Want to make the perfect pitcher of iced-tea using the cold brew method? I’ve experimented with many different methods before I perfected it! I call it the “mostly cold brew” method because you do need one cup of hot water. Read on to see how to do it!

Want to make the perfect pitcher of iced-tea using the cold brew method? I've experimented with many different methods before I perfected it! I call it the "mostly cold brew" method because you do need one cup of hot water. Read on to see how to do it!

Earlier this summer, I was looking for ways to make iced tea without brewing cup after cup in my Keurig and letting it cool or sitting a glass jar out in the sun all day (where my dog will inevitably find a way to knock it down). I wanted to try cold brew, but I kept running into the same issue: the tea bags floated on top and took forever to sink down, so the tea took like 12 hours before it was ready.

Of course, there has to be a better way, right? Well, there is!

The Mostly Cold Brew Method for Iced-Tea

This is super simple, so I’m not going to write 800+ words about it. I’ll just get right to the point, then give you a few very quick extra tips.

Ingredients:

  • Water
  • Tea bags

How to do it:

  1. Grab a glass pitcher and fill it about 2/3 of the way with filtered or spring water.
  2. Grab a decent-sized mug (you know, like the one you break out on those super groggy mornings) and place 10-12 tea bags inside of it. I use 12, but it depends on how strong you like your tea. You’ll want to either tie them together or just kind of twirl them so they stay together.
  3. Now, either pour hot water over the tea bags, or set your Kuerig to the 8oz cup and turn it on (obviously, with the mug ready to go).
  4. Let the tea bags steep for maybe a couple of seconds, then dump the water from the mug into the pitcher.
  5. Carefully (because they are hot) lift the tea bags out of the mug over the pitcher, then place them into the water. They’ll start to sink right away. Make sure you hold onto the tags and string.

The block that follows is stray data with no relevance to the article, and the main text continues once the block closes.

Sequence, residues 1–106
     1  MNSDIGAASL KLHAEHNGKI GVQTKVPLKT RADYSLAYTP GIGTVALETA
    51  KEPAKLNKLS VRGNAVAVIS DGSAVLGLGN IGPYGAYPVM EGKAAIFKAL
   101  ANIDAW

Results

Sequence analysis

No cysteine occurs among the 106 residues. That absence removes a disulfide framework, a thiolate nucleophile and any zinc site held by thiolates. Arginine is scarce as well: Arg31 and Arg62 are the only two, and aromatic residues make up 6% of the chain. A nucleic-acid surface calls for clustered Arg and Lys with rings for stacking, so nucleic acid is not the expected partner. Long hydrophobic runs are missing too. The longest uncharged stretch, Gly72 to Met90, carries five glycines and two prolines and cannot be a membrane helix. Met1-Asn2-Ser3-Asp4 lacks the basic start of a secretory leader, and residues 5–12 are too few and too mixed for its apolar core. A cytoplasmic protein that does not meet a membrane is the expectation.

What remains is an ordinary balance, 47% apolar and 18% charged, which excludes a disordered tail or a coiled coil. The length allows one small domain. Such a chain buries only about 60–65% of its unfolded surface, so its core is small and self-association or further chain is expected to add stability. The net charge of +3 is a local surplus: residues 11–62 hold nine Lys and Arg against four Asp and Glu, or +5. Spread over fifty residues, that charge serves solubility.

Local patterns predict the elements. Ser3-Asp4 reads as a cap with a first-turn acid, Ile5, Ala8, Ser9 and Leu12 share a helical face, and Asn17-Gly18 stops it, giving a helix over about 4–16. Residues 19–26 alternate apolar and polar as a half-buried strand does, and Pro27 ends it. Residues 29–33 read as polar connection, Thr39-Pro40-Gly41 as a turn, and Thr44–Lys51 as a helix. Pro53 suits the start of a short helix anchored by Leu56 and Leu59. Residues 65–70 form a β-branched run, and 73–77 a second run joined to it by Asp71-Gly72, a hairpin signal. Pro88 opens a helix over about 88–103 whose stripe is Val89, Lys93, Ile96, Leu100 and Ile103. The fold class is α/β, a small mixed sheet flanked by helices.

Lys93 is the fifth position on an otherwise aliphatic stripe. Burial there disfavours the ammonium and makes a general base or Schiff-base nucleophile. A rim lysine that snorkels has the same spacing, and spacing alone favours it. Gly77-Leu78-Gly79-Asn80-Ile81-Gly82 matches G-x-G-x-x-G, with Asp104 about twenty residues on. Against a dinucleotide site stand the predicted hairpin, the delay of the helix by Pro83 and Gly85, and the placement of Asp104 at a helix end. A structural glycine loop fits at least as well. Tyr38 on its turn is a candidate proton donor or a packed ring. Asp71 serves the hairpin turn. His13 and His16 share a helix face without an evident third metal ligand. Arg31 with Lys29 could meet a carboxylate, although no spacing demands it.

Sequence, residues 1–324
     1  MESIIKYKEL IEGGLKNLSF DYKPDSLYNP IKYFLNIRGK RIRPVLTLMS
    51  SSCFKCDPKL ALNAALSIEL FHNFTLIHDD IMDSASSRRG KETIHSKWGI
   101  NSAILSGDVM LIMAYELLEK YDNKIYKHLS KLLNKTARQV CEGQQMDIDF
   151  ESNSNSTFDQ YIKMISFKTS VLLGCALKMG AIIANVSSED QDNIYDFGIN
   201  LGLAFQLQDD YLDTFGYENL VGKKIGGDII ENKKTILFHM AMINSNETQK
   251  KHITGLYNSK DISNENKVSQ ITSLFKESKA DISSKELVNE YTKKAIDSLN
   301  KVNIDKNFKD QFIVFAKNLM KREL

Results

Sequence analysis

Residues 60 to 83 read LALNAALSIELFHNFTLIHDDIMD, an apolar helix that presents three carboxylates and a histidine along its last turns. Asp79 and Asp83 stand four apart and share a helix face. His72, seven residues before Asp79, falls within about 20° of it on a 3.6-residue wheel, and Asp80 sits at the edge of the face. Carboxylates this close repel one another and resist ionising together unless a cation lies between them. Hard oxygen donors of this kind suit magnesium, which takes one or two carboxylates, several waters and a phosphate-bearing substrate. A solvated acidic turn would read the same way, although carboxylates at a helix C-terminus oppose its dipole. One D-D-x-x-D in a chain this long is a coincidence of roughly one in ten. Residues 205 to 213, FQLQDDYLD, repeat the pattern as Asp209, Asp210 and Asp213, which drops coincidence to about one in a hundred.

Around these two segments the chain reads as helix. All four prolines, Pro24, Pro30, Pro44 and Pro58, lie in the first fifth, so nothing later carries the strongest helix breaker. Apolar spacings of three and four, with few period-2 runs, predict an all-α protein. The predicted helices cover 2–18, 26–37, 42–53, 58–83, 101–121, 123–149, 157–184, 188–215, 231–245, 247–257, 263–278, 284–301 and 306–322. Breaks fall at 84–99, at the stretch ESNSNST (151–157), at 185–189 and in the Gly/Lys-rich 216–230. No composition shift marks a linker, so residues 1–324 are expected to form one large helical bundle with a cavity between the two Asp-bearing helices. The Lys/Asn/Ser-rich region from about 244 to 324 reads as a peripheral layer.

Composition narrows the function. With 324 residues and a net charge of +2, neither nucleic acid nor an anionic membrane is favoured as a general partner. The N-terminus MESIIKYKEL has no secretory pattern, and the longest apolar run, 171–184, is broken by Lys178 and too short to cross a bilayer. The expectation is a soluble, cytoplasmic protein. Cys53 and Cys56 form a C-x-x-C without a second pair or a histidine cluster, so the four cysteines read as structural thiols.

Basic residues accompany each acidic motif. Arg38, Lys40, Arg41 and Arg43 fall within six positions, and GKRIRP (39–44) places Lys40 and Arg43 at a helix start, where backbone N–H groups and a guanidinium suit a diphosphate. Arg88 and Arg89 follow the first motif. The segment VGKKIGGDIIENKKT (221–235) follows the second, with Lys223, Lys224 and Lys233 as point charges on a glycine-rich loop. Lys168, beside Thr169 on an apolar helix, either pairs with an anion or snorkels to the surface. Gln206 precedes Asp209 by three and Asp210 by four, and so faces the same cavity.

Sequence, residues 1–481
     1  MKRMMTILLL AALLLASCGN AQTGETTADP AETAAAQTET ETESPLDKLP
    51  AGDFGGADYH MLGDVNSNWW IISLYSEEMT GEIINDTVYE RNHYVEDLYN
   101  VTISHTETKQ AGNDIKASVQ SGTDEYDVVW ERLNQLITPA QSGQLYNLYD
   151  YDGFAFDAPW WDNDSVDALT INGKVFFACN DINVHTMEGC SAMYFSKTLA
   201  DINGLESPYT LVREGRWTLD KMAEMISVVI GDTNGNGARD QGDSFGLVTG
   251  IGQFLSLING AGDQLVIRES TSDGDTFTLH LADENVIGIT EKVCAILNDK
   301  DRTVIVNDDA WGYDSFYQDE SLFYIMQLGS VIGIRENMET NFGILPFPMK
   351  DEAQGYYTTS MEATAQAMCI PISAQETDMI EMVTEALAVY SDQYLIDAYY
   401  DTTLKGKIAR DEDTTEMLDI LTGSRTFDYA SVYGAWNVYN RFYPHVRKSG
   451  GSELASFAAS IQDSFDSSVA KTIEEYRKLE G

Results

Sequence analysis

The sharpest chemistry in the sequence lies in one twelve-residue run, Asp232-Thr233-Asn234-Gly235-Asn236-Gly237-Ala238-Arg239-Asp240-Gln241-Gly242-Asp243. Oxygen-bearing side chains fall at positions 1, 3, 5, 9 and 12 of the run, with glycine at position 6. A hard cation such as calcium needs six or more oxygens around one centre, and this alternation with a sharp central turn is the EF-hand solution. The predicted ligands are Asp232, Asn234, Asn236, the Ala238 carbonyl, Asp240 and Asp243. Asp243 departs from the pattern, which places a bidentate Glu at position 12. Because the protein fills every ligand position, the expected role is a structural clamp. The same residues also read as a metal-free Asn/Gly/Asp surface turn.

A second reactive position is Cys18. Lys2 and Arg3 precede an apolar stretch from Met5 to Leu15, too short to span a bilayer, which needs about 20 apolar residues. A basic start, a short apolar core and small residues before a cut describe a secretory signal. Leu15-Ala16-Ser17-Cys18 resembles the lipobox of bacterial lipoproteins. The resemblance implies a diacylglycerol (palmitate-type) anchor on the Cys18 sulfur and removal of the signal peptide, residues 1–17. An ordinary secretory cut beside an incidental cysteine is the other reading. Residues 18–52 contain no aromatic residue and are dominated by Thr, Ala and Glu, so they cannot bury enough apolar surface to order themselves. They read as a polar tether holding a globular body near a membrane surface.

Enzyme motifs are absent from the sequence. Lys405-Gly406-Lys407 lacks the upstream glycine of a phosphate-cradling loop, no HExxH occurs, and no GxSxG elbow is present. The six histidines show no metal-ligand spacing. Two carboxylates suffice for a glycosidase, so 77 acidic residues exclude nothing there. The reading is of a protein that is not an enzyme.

6. Fill the pitcher the rest of the way up with water.
  7. Either tape the tags to the side of the pitcher, or hold onto them while you secure the lid over them to hold them.

You’ll notice that the tea bags stay submerged. You’ll also notice that your tea is ready in about half the time as with the regular cold brew method! That one extra step of running hot water over the bags makes the difference.

Tips for success

  • Use good tea bags vs. cheap store brands or dollar store bags. I use either Red Rose Original Black Tea or Lipton Tea Bags. If you want to get super fancy, you can use gourmet teas, but I have the best luck with those two. Red Rose is my first choice.
  • Use a glass pitcher. It just tastes better for some reason. I got a cheap one at Walmart with a little spout, it’s perfect.
  • DO NOT SQUEEZE THE TEA BAGS. It releases more tannins and can make tea taste more bitter. With this method, there is no reason at all to squeeze the bags.
  • If you want to add sugar during the process, just add it after the 2/3 water but before you fill it the rest of the way up. I prefer to sweeten mine as I go, because I use Splenda and Jake uses real sugar.
  • You can also add lemon or other fruits at any point up until you fill the jar the rest of the way (because at that point you’ll have no room!).

That’s about it, my friends.

Do you have any tips or tricks for making things like iced-tea? How about coffee? I haven’t mastered cold brewing that quite yet! 

Want to make the perfect pitcher of iced-tea using the cold brew method? Check out the one simple thing you need to be doing!